Most of modern AI are “supervised learning systems.” We have historical data, where we know the outcome. So, to get a particular outcome, we should look at this data beforehand. It’s a constant process of refinement and improvement and improvement.
The point of all of this in plain English is moving from “lazy segmentation and coding.” The technology has never been sophisticated, so we kept putting random people into buckets just to make ourselves feel good that these segments matter. The goal is moving in a direction where you’re starting to engage and transact with an audience of one.
Data is great and is the center point of data science. But, if the data is junk, the data science coming out will be junk as well, so a large piece of any data scientist’s life is making sure the data’s coming to the system is properly being stored, planned, and verified. So we can believe in the results coming out because if not, why bother doing it?
How is this different from traditional marketing?
Historically, we would figure out the optimum time to send emails or notifications to the entire consumer base. You can plot out over time for the entire base that it’s best if we send out the last email at 10 AM on Tuesday morning. And so, we backed out, starting a little beforehand until then, and it was all good. We could see a significant lift.
But now, we can do this on an individual basis. We saw an individual come in and respond to messages, or not respond to messages, through various channels over the past couple of months. And we know how they respond to what type of message.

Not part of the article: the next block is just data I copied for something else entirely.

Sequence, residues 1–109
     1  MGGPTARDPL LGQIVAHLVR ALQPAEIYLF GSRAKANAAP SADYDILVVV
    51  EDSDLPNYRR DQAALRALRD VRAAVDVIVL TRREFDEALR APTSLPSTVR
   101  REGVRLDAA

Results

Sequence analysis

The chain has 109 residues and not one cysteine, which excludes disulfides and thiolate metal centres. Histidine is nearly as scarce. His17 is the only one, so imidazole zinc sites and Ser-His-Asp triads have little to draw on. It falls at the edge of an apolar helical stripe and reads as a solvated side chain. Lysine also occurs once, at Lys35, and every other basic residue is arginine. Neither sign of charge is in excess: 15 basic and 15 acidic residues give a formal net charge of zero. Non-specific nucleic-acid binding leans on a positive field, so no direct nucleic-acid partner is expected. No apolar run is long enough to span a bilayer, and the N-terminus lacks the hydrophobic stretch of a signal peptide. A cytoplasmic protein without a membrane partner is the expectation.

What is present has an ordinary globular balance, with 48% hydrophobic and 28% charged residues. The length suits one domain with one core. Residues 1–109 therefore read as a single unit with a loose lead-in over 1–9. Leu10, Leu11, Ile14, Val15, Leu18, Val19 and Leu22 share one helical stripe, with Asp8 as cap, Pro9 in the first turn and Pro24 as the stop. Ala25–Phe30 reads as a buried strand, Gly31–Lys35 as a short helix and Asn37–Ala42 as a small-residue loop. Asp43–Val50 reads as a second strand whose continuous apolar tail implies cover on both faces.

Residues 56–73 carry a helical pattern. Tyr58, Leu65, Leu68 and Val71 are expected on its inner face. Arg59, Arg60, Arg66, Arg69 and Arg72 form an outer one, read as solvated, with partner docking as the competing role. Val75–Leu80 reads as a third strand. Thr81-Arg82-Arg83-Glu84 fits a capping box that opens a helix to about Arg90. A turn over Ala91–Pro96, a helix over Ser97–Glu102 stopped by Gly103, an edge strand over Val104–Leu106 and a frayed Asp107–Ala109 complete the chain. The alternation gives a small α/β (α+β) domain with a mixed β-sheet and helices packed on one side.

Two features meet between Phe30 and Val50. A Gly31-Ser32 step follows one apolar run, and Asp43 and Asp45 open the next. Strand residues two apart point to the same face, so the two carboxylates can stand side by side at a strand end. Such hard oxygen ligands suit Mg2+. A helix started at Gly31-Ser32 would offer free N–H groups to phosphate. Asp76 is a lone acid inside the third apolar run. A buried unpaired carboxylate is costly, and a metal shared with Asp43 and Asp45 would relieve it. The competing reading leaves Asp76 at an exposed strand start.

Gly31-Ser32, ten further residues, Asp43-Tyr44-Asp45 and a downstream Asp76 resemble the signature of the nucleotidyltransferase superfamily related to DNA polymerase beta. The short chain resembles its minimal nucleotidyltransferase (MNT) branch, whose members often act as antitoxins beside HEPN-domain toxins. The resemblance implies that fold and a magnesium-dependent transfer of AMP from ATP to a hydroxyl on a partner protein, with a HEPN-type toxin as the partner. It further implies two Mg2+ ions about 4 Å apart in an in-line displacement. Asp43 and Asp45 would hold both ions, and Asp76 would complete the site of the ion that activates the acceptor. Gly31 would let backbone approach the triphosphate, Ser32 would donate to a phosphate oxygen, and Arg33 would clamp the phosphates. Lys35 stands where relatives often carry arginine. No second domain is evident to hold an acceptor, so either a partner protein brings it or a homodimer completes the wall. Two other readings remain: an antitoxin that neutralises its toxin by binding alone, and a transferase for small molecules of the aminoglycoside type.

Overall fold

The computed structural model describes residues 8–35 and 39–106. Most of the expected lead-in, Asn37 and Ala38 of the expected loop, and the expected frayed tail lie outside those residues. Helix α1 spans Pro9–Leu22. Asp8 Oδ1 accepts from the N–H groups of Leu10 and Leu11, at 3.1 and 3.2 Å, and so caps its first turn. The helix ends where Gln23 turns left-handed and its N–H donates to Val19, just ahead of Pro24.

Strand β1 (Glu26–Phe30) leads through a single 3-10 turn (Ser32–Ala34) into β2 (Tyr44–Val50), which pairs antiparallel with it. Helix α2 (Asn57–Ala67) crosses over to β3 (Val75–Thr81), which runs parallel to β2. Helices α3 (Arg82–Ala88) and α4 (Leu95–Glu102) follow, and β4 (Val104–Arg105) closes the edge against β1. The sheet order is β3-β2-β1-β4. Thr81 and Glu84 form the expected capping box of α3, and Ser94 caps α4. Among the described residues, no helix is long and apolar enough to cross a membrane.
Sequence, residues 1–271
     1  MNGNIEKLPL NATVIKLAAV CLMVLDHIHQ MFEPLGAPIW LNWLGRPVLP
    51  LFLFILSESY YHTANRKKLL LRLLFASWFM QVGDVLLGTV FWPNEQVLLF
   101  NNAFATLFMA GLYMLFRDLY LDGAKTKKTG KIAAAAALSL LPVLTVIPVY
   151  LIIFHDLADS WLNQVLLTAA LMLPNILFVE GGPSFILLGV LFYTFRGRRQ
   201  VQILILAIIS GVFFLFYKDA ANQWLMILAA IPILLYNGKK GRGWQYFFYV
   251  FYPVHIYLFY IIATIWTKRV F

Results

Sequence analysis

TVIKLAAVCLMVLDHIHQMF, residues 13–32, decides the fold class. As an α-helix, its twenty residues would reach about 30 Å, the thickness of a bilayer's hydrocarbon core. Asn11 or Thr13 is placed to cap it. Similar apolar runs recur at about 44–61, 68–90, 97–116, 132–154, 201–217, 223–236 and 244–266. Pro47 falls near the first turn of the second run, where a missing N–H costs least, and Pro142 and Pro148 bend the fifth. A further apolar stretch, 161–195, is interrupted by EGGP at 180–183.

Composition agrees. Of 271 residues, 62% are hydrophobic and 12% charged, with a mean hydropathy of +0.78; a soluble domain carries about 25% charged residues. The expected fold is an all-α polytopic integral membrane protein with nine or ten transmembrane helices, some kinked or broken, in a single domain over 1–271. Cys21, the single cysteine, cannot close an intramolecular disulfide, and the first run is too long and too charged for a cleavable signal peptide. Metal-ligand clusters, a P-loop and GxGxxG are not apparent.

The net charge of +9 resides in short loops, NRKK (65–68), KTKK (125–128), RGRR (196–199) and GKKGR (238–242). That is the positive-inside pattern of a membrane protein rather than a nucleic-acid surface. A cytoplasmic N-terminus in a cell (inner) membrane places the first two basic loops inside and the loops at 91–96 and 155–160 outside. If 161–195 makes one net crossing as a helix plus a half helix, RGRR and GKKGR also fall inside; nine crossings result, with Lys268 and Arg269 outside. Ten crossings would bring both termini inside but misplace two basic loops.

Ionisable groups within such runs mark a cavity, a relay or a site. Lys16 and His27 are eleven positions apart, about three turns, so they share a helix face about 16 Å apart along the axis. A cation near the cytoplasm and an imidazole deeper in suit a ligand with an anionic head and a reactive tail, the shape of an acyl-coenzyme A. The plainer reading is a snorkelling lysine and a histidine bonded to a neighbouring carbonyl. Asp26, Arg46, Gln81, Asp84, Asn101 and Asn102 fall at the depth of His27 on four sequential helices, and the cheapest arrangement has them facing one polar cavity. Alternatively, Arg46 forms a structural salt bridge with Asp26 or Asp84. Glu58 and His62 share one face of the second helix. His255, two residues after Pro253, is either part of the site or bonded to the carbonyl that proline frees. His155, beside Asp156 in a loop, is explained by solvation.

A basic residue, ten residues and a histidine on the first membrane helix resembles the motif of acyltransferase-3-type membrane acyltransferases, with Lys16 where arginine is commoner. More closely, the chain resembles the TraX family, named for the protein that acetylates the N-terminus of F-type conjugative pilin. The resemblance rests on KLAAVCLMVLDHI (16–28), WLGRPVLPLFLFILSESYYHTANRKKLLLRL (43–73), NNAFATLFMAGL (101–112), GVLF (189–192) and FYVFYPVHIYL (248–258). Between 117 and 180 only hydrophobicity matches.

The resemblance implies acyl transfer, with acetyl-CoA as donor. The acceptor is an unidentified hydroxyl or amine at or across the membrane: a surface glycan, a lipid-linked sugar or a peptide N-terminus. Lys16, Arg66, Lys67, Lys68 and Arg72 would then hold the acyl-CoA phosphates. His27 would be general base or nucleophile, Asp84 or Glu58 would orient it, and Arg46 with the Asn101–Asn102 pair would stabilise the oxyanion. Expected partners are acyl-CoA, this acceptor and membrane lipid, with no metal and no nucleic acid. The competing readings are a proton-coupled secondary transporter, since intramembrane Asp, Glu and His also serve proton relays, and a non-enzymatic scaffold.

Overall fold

So, we’re no longer blasting out to the entire group at a single time of the week. We can set up our campaigns so that an individual user will be sent out right before the expected time or act, and in a public channel. We have a huge amount of processing power, so it’s not the limiting factor anymore.
Kahuna processes half a billion events today. It’s a linear, scalable system in the cloud, so we can expand simply by adding more computerization as we get more data.
Email delivery systems built a decade ago are the predeccors of Kahuna. We’ve now reached a point where the number of engagement and touchpoints for us as consumers has gone from one, which was email, to many. And we haven’t even seen this play out yet.
Today the dominant ones are still email and mobile; SMS. We’re going to have beacons tomorrow; we’re going to have IoT after that, we’re going to have chatbots. The places where we engage are going to increase.
Every one of those engagement touch points is going to start sending different events to us, that email never sends back. We can accept signals from these different engagement touchpoints, make sense of them, add them to the user’s profile.
Machine learning can tell us that the right way to engage with Michael is 7 PM on Thursday nights, via email, because that’s when he seems to be on his laptop and he seems to want to engage and buy stuff.
The technology has fundamentally shifted from what were nothing more than email delivery machines. Batch and blast, batch and blast, batch and blast. We allow marketers to engage in a fundamentally different way.
This notion of being cross-channel at your core, where you can engage with people in a way that respects the pace at which they want to go through this journey
This is a problem that every marketer and frankly every CEO and consumer brand have been waking up to for decades, right? The amount of money they plow into customer acquisition costs, to drive new customer acquisition, has only gone up. But the amount of focus and available technology, once they’ve acquired that customer, to get from that, from the point where you are now a customer to the first purchase. What is the actual work required to get you from first purchase to second purchase?
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(Cross-posted @ ZDNet | Beyond IT Failure)